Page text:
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the Complete Review
the complete review - fiction


Kirino Natsuo

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To purchase Grotesque

Title: Grotesque
Author: Kirino Natsuo
Genre: Novel
Written: 2003 (Eng. 2007)
Length: 467 pages
Original in: Japanese
Availability: Grotesque - US
Grotesque - UK
Grotesque - Canada
Grotesque - India
Monstrueux - France
Grotesk - Deutschland
Grotesque - Italia
Grotesco - España
  • Japanese title: グロテスク
  • Translated by Rebecca Copeland

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Our Assessment:

B : ugly and uneven, but often compelling

See our review for fuller assessment.

Review Summaries
Source Rating Date Reviewer
Entertainment Weekly . 7/3/2007 Karen Karbo
Financial Times . 16/2/2007 David Pilling
The Independent . 9/2/2007 Jane Jakeman
Independent on Sunday . 25/2/2007 Christopher Fowler
The LA Times . 18/3/2007 Christine Smallwood
The NY Times Book Rev. . 15/4/2007 Sophie Harrison
San Francisco Chronicle . 25/3/2007 David Cotner
The Telegraph A- 27/3/2007 Benjamin Secher
The Times . 24/2/2007 Alice Fordham
The Washington Post . 27/5/2007 Janice P. Nimura

  Review Consensus:

  Generally fairly favourable

  From the Reviews:
  • "Translated with mixed results by Rebecca Copeland -- the voice of the unlikable narrator swings between pomposity and cliché-laden flippancy -- the story of the girls' murders gets lost in the too-expansive telling." - Karen Karbo , Entertainment Weekly

  • "Grotesque is not without interest. But rather like Kirino’s characters, the reader is in constant danger of being bludgeoned to death." - David Pilling, Financial Times

  • "Beneath this story lie deeper questions: of what drives women to prostitution, of the relationship between the individual and society, as well as unexpected philosophical considerations such as an examination of the sense of self, perhaps paradoxically heightened by being trapped in rigid social conformity. Above all, the book is an exploration of the roles of women in such a hot-house world and of the men who rule it. (...) This is a rich, complex read. Be prepared for a book utterly unlike anything we are used to in crime fiction: a long, densely-written work that resembles a Russian novel more than anything else." - Jane Jakeman, The Independent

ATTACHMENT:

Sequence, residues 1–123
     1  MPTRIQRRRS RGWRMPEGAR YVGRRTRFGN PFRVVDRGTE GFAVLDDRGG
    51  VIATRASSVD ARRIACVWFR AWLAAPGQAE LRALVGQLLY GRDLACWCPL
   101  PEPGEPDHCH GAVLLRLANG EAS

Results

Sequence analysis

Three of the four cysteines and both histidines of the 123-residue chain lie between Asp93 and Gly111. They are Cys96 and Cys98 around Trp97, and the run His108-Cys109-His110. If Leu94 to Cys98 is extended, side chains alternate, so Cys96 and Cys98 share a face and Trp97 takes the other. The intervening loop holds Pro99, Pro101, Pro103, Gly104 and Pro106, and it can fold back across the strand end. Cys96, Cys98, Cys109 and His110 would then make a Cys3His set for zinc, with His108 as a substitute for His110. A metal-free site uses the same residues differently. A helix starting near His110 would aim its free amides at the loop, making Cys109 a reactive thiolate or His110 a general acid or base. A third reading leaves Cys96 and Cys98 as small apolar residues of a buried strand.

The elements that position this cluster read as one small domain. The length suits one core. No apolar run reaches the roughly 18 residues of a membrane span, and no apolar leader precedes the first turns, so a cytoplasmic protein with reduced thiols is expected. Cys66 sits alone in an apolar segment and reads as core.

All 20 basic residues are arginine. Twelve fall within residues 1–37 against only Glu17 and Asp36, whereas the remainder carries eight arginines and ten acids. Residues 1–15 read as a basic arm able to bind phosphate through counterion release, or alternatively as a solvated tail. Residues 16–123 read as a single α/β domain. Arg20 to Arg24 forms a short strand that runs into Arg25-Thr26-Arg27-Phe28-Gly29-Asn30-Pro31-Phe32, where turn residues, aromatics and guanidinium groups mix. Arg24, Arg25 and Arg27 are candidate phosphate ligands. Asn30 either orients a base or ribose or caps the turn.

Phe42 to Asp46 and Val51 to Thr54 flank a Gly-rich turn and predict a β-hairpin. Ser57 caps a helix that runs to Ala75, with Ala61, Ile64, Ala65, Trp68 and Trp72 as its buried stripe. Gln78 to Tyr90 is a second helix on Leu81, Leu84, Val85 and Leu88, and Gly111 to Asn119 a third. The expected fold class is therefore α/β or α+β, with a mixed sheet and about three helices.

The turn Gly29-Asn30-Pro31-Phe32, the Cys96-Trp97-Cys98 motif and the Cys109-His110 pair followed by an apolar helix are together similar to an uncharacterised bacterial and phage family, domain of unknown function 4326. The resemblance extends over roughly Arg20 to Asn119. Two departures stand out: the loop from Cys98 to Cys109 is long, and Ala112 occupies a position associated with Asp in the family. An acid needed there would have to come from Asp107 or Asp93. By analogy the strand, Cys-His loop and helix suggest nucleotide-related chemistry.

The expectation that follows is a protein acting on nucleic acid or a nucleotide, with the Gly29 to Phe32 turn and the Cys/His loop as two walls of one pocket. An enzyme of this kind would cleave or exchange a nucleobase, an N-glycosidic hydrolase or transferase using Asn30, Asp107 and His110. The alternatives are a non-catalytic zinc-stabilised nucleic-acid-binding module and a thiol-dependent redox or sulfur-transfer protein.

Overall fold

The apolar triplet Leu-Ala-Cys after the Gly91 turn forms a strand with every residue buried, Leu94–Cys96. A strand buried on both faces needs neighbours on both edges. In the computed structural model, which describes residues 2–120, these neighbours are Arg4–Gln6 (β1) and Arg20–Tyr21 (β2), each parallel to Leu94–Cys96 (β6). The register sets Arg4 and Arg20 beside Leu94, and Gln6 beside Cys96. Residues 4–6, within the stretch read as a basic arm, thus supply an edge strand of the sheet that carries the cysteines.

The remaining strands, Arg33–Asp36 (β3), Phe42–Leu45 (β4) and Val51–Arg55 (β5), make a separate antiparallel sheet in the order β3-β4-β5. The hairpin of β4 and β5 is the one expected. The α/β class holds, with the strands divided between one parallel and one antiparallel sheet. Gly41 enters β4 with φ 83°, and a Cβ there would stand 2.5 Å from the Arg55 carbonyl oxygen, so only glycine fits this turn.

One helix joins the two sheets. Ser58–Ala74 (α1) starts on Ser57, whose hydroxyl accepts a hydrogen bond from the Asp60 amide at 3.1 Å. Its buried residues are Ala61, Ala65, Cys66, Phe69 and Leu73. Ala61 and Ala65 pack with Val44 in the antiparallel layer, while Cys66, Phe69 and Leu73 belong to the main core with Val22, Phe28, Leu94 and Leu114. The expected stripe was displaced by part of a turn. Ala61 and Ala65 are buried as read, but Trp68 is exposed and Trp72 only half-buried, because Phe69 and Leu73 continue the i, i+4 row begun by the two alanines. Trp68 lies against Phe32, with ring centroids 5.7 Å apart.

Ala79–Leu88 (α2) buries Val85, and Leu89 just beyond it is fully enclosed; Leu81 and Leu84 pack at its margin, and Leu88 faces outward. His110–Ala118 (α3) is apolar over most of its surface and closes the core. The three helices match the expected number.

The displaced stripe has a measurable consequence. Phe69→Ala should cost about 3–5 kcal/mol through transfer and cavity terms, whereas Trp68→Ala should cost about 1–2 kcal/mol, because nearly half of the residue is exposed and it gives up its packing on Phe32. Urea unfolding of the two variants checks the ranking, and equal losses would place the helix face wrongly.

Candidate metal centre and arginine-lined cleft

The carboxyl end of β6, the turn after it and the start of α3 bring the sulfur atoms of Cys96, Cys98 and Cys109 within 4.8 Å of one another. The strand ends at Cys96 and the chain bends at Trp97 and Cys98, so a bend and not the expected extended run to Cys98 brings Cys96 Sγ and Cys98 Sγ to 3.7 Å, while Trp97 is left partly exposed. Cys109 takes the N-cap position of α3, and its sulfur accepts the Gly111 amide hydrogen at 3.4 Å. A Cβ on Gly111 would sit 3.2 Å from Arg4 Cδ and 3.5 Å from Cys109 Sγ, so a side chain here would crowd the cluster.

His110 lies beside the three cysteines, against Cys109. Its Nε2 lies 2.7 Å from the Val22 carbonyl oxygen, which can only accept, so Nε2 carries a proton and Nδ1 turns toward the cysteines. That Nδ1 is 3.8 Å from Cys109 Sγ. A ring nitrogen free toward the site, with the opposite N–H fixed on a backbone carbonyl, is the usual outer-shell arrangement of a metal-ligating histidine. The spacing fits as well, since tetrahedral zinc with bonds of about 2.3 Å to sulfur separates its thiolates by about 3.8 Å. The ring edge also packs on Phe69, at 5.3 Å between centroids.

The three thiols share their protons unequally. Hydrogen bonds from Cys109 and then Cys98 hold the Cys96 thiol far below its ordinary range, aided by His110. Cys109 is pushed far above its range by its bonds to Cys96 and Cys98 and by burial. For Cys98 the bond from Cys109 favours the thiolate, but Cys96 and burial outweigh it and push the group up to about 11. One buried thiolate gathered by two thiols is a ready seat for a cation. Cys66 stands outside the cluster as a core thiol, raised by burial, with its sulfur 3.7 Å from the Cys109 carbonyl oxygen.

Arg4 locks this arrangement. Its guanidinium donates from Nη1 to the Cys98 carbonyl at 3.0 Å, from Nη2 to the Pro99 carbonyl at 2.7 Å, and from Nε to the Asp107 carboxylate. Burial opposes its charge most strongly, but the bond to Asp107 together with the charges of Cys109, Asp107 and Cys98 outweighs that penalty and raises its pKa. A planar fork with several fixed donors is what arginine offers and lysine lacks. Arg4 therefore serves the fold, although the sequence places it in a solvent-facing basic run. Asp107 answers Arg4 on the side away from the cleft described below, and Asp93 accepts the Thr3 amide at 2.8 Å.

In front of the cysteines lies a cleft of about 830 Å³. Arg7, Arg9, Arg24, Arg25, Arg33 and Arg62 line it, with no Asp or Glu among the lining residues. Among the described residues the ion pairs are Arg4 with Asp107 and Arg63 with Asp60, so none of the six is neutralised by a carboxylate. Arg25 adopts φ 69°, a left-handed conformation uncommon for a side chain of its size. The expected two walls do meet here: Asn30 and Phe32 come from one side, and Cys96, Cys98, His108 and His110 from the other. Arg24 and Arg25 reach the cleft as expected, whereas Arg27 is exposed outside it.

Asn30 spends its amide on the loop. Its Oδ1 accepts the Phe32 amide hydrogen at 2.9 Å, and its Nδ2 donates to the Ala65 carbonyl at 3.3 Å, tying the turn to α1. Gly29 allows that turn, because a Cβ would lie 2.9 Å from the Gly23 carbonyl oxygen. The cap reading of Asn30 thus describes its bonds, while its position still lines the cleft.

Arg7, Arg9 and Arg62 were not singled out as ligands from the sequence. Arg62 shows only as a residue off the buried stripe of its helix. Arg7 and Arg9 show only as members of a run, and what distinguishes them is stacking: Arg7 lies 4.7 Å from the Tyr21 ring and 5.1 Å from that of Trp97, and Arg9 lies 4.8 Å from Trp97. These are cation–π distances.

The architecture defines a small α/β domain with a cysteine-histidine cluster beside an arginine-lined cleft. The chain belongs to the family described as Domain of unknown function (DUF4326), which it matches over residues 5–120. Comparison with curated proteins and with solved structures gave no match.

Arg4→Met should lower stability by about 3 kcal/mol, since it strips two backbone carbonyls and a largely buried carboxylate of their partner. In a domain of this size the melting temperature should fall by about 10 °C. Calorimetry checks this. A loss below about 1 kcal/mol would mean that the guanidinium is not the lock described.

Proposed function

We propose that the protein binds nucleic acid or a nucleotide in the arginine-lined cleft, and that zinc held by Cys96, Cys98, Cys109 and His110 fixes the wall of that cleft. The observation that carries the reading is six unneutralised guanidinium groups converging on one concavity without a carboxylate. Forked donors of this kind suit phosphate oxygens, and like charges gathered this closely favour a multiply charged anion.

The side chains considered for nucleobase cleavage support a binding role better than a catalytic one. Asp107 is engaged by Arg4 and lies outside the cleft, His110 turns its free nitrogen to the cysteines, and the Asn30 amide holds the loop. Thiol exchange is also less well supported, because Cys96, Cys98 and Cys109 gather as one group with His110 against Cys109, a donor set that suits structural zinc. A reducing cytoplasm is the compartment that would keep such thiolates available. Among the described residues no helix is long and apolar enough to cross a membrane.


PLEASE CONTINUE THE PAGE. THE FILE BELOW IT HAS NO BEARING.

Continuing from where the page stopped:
• "Although her language is as spare and unsparing as that of her contemporaries, Kirino is separated from them by a determination to depict the psyches of her female protagonists in overwhelming detail. Her women are studied from every angle; via their relationships with family, each other, the men around them, the food they prepare and their daily working lives. This gradual, merciless exposure has the dual effect of creating emotional involvement with the characters while placing them in the greater context of Japanese society, so that the narrative becomes something other than the mere dismantling of motives behind a crime." - Christopher Fowler, Independent on Sunday

  • "Out was dark, but the plot of Grotesque is buried deep in the gutter. (...) Grotesque is not a thriller, it is an anthropological study. And in this tightly closed system of overdetermined perversity, the book takes on a fantastic quality; characters are more symbol than substance. As each pops up in the others' stories, their self-deceptions become apparent and the truth of their lives and relationships even more muddled." - Christine Smallwood, The Los Angeles Times

  • "(A) disconcerting stump of a book that fulfills no conventinal expectations. (...) Rebecca Copeland's translation of this bitter tale is respectable, without ever quite dispelling the odd sensation that translated fiction can sometimes produce: that of reading a book with your gloves on." - Sophie Harrison, The New York Times Book Review

  • "Grotesque is a vengefully mesmerizing obituary written in the voice of a woman who is often a total stranger to the women she envies. She views their lives through the covetous prism of her shortcomings, angrily re-dissecting memories shot through with corrosive emotions. (...) Of course, much of the narrator's contempt for Yuriko, Q High School and everything involving them can be chalked up to the cruelty of the adolescent girl. But the deftness with which Kirino paints the portrait of this particular Dorian Gray is a crystal-clear insight into the mind of a lunatic. Kirino turns an unerring eye toward the vicious razors of the adolescent female mind." - David Cotner, San Francisco Chronicle

  • "Kirino has entrusted her tale to an unreliable, manipulative narrator who couldn't care less about the plot. She gleefully sabotages the story by all but revealing the identity of the double killer in the first few chapters and has little sympathy for any of the protagonists but herself. (...) Grotesque is not so much a crime novel as a brilliant, subversive character study. Kirino's real concerns are social, not criminal; her true villain is "the classist society so firmly embedded in Japan" which pushes her protagonists along the road to prostitution. (...) Despite occasional sags in its overlong fabric, Grotesque is nevertheless a triumph. In its boldness and originality, it broadens our sense of what modern Japanese fiction can be." - Benjamin Secher, The Telegraph